Effect of Multi-enzymes in Combination with a Direct-fed Microbial on Performance and Welfare in Commercial Broilers26 May 2015
This experiment conducted by a multinational team revealed that a combination of feed enzymes and direct-fed microbial improved the feed efficiency, health and welfare of broilers reared under conditions similar to those used commercially.
The objective of this study published in the Journal of Applied Animal Research was to determine the response of broilers to the combination of multi-enzymes and direct-fed microbial (DFM) under commercial production settings.
Yueming Dersjant-Li of Danisco Animal Nutrition in the UK and co-authors there, at Schothorst Feed Research and Alimetrics Ltd explain in their paper that they distributed a total of 7,000 day-old male broilers (Ross 308) over 10 pens (700 broilers per pen).
Two dietary treatments were tested using complete randomised design, including a control diet and a test diet with addition of multi-enzymes (xylanase, amylase and protease; XAP) and DFM (a combination of spores from three strains of Bacillus amyloliquefaciens).
Pelleted diets were offered ad libitum in three phases and water was freely available.
During starter and grower phases (0 to 21 days of age), the enzyme and DFM combination resulted in improved feed efficiency (P<0.05).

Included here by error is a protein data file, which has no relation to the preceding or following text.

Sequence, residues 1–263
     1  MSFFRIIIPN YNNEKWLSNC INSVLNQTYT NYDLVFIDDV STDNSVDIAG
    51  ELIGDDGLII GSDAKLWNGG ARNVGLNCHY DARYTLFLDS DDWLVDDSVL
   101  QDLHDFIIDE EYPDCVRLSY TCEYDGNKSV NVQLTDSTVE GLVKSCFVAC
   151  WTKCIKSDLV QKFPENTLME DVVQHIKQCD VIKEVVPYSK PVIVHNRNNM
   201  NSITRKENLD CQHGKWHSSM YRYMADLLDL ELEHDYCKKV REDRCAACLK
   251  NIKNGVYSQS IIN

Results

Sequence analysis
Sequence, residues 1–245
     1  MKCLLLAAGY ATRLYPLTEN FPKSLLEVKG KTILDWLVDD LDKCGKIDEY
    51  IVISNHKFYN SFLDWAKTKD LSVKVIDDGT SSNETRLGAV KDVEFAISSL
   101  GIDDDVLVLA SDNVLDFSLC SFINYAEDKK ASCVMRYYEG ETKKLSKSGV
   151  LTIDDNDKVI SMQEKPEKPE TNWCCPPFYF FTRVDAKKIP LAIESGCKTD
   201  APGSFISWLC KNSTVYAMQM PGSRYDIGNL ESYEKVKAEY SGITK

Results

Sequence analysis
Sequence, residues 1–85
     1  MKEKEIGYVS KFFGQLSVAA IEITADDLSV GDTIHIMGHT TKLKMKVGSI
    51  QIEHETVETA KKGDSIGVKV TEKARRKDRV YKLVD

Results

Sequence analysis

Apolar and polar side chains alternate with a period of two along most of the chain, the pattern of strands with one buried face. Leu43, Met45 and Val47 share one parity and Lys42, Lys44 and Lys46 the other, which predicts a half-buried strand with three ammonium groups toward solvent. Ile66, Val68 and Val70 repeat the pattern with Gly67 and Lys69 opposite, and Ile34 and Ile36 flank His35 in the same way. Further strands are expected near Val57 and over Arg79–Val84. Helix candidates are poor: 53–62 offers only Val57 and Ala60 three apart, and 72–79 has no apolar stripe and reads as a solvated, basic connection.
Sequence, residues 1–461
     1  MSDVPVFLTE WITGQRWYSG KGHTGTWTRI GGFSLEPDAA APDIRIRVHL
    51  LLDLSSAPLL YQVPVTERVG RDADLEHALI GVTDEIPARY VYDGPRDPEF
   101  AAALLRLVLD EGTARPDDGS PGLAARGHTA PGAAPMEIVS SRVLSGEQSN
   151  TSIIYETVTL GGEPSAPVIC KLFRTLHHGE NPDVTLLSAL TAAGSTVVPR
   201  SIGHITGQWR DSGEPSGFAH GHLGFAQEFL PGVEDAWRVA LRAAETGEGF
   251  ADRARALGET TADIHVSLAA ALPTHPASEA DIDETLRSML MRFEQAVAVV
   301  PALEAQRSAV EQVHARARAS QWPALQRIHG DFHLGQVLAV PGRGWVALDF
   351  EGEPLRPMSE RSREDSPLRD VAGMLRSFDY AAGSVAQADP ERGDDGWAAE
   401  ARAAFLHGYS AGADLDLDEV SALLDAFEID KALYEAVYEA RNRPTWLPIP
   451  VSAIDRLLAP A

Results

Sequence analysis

During the finisher phase, higher feed intake and bodyweight gain (P<0.05) were observed for the test group.
Overall, there were significantly higher feed intake, bodyweight gain and lower water-to-feed ratio in test group than in the control group.
This was related to improved (P<0.05) modified production efficiency factor, which was calculated based on final bodyweight, survival rate, feeding period and mortality-weight-corrected feed conversion ratio.
The test group had improved litter quality and a reduced foot-pad lesion score compared to the control.
In addition, there was a tendency (P<0.1) of reducing Clostridium perfringens population in caecal digesta and higher lactic acid content in the ileal digesta, when expressed on an as-is basis, in the test group.
In this study, the researchers report they demonstrated that using a multi-enzymes and DFM combination in the diet for broilers can result in improved feed efficiency in starter/grower phases and animal welfare parameters, and lead to improved production efficiency under commercial settings.
Dersjant-Li Y., K. van de Belt, J.D. van der Klis, H. Kettunen, T. Rinttilä and A. Awati. 2015. Effect of multi-enzymes in combination with a direct-fed microbial on performance and welfare parameters in broilers under commercial production settings. J. Appl. Poult. Res. 24:80-90.
You can view the full report by clicking here.